A number of general overviews of rural geography are available for nonspecialists and beginning students, primarily in the form of textbooks. Early texts such as Clout 1972 and Gilg 1985 are now more useful for their historical value in documenting the evolution of key questions and concerns in rural geography. The two best contemporary introductions are Woods 2005, which is a textbook overview of central themes organized under the rubric of rural restructuring, and Woods 2011, an in-depth exploration of the many different dimensions to rurality. The former is more appropriate for the nonspecialist and undergraduate student the latter, for graduate students and scholars interested in learning more about the conceptualization of “rural.” Hart 1998 offers a modern introduction to rural geography, from the perspective of traditional American cultural geography (e.g., loosely based on the approach of Carl Sauer), which along with regionalism dominated the geographical study of the rural prior to the 1970s. Although not a textbook or formal overview, Bell 1994, an ethnographic account of life in the town of Childerley, is an accessible and prescient ethnographic introduction to many of the issues and themes that would emerge shortly thereafter in contemporary rural geography.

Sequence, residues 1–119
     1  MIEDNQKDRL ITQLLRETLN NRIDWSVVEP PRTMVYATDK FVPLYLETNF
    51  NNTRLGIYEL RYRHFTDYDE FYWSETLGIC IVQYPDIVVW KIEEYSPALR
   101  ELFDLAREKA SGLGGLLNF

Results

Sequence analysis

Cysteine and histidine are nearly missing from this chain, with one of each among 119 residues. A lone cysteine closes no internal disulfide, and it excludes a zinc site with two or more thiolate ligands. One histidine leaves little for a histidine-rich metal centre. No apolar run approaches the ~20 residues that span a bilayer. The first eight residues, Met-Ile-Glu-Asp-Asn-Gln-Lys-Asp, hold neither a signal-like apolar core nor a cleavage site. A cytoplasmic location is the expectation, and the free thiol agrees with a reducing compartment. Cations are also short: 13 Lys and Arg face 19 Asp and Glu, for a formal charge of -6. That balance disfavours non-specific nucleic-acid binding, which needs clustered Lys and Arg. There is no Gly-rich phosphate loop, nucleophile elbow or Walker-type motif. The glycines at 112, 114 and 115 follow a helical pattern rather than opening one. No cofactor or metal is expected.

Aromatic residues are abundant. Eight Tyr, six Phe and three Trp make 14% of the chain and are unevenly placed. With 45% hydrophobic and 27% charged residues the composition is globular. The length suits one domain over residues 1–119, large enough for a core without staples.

Bell, Michael M. Childerley: Nature and Morality in a Country Village. Morality and Society. Chicago: University of Chicago Press, 1994.
A highly readable ethnographic study of Childerley, pseudonym for a village in Hampshire, England, that focuses broadly on the social experience of nature and provides a wonderful introduction to many of the general themes in contemporary rural geography (e.g., identity, experience, class, gender).
Clout, Hugh D. Rural Geography: An Introductory Survey. Pergamon Oxford Geographies. Oxford: Pergamon, 1972.